i think the very strong leadership aspect to be up to talk about these issues and build coalitions without getting to the place where you are talking down to people. >> now you are all the way here. what is the reality of capitol hill life versus what you expected to find? rep. walker: i think some of it is very similar. part of the things that surprised me was how many people would meet on a daily basis. they said, you've got to help us with an overreaching arm of the federal government. sweet potato farmers, federal insurance agents, you name it. can you back off the regulations so we can be free to flourish and prosper the way we want to? >> your first name is actually bradley, but you go by mark. rep. walker: that is a question i have asked my parents many times. it is tradition. i have two younger brothers and i followed the same suit. my dad was a minister. mark is a little bit more for
--lical name then bradley than bradley, so i stuck with it. >> you have two children. rep. walker: i have a son who is 20 and two daughters, one who is 17 and one who is nine. i got to spend a little time with them on saturday and sunday before spending -- flying back up to d.c. i'm married to a wonderful nurse practitioner. >> what was the reaction first off when your family found out that dad was going to be a congressman? rep. walker: i think they were pleased with it, but part of parenting, i want to make sure that their world is not a place where they can't follow and pursue their dreams, as well. my daughter, my 17-year-old, is a big-time in community theater and we want to make sure we are supporting those opportunities, as well. >> what do you do when you go back on? rep. walker: i make sure that family is priority. my golf game is not what it used to be. we also have many constituent services and events. last night, we were at an event where we had 115 world war ii veterans.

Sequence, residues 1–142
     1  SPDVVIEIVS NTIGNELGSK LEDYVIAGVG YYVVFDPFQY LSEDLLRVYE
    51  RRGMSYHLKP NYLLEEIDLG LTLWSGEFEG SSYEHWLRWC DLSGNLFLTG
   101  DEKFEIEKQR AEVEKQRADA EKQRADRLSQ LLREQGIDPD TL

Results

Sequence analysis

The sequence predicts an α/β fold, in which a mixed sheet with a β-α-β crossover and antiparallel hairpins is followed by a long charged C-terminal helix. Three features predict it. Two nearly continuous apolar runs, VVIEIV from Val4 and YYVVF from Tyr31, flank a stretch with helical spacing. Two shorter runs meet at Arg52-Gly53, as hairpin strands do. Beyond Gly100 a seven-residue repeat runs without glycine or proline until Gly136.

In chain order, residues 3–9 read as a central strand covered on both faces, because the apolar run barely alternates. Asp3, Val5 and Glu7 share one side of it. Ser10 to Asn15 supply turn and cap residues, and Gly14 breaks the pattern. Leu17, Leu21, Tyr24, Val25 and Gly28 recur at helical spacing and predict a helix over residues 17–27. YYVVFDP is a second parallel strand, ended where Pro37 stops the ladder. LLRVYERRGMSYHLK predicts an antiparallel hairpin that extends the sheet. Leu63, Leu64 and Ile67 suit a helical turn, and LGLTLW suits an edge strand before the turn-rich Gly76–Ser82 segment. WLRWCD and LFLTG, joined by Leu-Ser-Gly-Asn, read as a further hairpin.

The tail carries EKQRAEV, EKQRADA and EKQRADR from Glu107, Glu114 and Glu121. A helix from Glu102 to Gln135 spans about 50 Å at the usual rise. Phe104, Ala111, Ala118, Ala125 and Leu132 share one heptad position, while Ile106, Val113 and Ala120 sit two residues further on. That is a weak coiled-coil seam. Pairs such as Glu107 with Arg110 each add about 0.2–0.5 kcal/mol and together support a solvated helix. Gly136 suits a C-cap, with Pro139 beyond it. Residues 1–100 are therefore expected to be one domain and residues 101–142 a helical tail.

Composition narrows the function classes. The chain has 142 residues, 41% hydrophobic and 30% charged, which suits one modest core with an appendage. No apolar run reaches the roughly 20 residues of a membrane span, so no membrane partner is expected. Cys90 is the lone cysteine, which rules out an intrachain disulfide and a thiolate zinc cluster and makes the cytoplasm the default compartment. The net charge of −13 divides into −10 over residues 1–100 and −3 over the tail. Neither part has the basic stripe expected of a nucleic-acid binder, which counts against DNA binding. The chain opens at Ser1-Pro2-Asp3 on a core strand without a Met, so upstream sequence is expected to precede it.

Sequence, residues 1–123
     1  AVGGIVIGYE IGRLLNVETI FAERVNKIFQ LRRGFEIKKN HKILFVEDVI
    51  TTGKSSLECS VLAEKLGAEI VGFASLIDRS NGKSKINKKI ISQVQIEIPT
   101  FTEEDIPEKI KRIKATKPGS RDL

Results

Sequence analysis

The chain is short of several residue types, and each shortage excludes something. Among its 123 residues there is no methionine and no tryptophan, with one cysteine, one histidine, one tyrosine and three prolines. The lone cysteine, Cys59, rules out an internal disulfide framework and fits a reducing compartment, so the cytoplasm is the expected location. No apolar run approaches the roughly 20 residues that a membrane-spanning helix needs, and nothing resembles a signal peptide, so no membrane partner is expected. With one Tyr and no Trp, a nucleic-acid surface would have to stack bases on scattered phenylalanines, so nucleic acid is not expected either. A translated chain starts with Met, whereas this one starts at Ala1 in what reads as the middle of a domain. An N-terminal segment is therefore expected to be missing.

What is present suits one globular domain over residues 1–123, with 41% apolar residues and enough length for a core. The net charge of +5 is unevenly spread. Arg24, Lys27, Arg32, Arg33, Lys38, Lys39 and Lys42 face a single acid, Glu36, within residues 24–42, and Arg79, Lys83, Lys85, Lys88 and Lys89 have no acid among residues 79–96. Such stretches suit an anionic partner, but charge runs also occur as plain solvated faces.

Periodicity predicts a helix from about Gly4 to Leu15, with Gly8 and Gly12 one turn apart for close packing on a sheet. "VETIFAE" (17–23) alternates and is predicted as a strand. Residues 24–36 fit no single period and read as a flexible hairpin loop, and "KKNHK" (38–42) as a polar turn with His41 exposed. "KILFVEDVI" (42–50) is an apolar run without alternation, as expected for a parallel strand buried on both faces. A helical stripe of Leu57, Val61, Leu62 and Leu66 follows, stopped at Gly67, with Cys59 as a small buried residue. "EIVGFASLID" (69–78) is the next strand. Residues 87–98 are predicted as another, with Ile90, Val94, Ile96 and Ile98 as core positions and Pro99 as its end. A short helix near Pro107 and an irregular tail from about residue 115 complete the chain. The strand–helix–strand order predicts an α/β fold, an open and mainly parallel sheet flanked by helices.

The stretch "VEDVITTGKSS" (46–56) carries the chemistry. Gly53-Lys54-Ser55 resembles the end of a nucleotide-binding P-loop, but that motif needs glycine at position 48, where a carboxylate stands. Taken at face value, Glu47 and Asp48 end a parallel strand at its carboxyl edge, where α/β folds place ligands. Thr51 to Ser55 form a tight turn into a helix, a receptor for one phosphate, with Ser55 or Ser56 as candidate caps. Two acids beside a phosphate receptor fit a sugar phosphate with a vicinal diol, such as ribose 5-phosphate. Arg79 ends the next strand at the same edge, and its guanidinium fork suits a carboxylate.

as a pastor, it carries over to being a congressman as well, i enjoy doing it. >> you settle down in the triad. rep. walker: the triad. there are three populated places in north carolina. you have the triad, the triangle, and charlotte. the triangle is durham in chapel hill. fresh out of college, i drove my dodge stratus into the city and did not know a single soul. i had a young lady i had dated a little bit in college who lived 30 miles north and i said winston-salem is a great place to move and we started a life and career there. >> when you go back home, what are the issues you are hearing about? what inspired you to run to represent your community? rep. walker: i think part of it was to be able to talk about
individual, talk about hope talk about liberty, something that people can identify with. i haven't built a bridge to be able to talk about the things that are important to me. if we can do that in a way that will resonate, i think it is very important. even on the republican side, we are very guilty of only preaching to the choir. i think the ultimate goal is to augment the base or broaden the audience. >> you are already looking ahead to your next reelection. you've got at least one challenger. how do you balance what you are trying to do on capitol hill with your campaign. rep. walker: we have a job to do. our job is to stay focused and not be distracted.
the people will decide. we are at peace and content with the job we have done over the last 10 months. >> baptist minister and you have been a car salesman. what kind of cars did you sell? rep. walker: i spent about 10 months as a car salesman. i spent about two decades as a pastor. i sold audi, bmw. it gave me an opportunity to get out in the public, learn, meet and greet. all social and economic backgrounds. it was a great opportunity. >> a pastor of worship and music in greensboro. what does a pastor of worship and music do? rep. walker: i've had three roles.